Mindfulness, Self-Efficacy and Stigma: A Latent Profile Approach to Understanding Risk and Protective Factors in Post 9/11 Era Combat Veterans

Document Type

Conference Proceeding

Publication Date


Publication Title

APHA's 2020 Virtual Annual Meeting and Expo

First page number:


Last page number:



Veterans of the recent conflicts in Iraq and Afghanistan are well-studied, but variable-centered analytical approaches may obscure important differences between subgroups in this heterogeneous population. One identifiable subgroup comprises the 15% of veterans with non-routine military discharge status. Variable-centered studies have shown that non-routine discharge status is a predictor of behavioral health problems and is associated with barriers to accessing services. However, few studies have taken a person-centered approach to understanding how subgroups of military veterans vary with respect to psychological risk and protective factors and mental health symptoms, and whether subgroup characteristics may predict discharge status. 509 combat-deployed, post 9/11 era veterans were recruited through partnerships with veterans’ service agencies and educational institutions in the greater San Francisco, Chicago, and Los Angeles areas. Participants completed online surveys capturing the protective factors mindfulness and self-efficacy and the risk factors self-stigma, PTSD, and depression, as well as discharge status. A sequence of latent profile models were fitted to the data and evaluated for parsimony, classification accuracy, and meaningful interpretive utility. After identification of the optimal profile solution, a multivariable logistic regression model with latent profile membership as independent variables and nonroutine discharge status as the dependent variable was fitted to the data. Model comparison supported a 4-profile solution. Latent profiles indicated a high-risk group with mindfulness and self-efficacy below and self-stigma, PTSD, and depressive symptoms above full sample averages. A low-risk group was characterized by above average mindfulness and self-efficacy, low stigma, and PTSD and depressive symptoms 1.5 standard deviations below the sample mean. A third group approximated the sample mean on latent profile indicators. The fourth group was characterized by depressive symptoms at the sample mean and below average estimates on the remaining indicators. Those in the highest risk group had nearly 5 times the odds of nonroutine discharge compared to those in the low-risk group (OR=4.71, 95% CI: 1.37, 16.27). Study findings suggest that meaningful subgroups are present in post 9/11 service-era military veterans with respect to critical risk and protective factors. The highest risk group, characterized by low mindfulness and self-efficacy and high self-stigma, PTSD, and depressive symptoms, had nearly 5 times the odds of nonroutine discharge compared to the lowest risk group. This suggests that those most in need of mental health services likely face external barriers as well as self-stigma. Strengthening protective factors like mindfulness and self-efficacy may be an important intervention target for veterans confronting these barriers.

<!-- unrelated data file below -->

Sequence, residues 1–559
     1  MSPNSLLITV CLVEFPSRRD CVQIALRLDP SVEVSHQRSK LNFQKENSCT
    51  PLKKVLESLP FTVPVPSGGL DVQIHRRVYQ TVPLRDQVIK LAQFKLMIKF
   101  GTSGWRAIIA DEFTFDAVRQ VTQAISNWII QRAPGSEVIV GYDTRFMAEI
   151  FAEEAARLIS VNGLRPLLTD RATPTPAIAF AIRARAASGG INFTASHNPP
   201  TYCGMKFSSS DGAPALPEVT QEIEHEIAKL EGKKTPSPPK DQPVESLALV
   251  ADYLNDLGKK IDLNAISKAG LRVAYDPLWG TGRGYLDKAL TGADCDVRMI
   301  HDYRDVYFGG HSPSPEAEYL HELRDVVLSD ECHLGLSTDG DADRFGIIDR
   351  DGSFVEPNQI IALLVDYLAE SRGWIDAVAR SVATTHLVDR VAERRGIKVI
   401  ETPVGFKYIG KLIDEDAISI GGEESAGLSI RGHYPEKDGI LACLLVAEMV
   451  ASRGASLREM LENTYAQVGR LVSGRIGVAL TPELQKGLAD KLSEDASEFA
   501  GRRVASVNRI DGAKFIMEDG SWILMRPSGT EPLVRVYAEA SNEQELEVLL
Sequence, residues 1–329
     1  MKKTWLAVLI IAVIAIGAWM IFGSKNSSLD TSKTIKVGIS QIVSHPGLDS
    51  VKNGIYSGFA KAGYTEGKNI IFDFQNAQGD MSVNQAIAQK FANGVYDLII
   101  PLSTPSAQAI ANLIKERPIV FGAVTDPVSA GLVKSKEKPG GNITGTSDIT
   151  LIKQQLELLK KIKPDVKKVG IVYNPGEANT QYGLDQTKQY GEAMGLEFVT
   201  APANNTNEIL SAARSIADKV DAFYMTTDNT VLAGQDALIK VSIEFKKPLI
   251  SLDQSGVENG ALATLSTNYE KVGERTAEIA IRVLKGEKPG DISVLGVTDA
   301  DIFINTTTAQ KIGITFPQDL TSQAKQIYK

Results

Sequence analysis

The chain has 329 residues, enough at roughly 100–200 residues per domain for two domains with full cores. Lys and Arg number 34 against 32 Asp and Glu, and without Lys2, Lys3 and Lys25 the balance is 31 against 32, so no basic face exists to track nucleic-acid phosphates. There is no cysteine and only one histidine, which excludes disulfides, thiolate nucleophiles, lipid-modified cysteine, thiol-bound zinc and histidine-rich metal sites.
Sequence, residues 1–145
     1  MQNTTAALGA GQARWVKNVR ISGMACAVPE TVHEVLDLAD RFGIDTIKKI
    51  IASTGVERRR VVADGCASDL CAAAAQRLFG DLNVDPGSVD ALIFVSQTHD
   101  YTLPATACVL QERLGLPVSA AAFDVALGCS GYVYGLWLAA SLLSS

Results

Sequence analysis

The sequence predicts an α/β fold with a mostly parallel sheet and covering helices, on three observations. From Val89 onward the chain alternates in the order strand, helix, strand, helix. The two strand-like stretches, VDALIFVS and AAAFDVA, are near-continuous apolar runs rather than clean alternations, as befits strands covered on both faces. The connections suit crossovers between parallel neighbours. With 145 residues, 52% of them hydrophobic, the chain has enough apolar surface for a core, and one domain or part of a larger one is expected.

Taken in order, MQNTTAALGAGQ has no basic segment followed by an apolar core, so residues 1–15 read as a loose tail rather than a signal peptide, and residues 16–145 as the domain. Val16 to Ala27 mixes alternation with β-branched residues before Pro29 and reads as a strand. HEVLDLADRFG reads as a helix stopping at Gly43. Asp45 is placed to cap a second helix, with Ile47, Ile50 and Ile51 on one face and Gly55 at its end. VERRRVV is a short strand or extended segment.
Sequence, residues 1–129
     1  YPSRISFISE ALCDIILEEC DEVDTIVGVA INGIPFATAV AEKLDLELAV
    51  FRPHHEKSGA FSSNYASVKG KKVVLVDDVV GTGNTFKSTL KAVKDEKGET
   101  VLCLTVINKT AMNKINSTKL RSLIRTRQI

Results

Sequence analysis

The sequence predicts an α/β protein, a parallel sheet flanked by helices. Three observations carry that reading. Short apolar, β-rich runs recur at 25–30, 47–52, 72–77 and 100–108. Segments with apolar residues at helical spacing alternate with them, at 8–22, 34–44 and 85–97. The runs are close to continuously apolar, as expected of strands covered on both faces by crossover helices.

Iraq and Afghanistan veterans; Post 9/11 era veterans; Self-efficacy; Self-stigma; Mental health services


Military and Veterans Studies | Public Affairs, Public Policy and Public Administration | Social and Behavioral Sciences



Search your library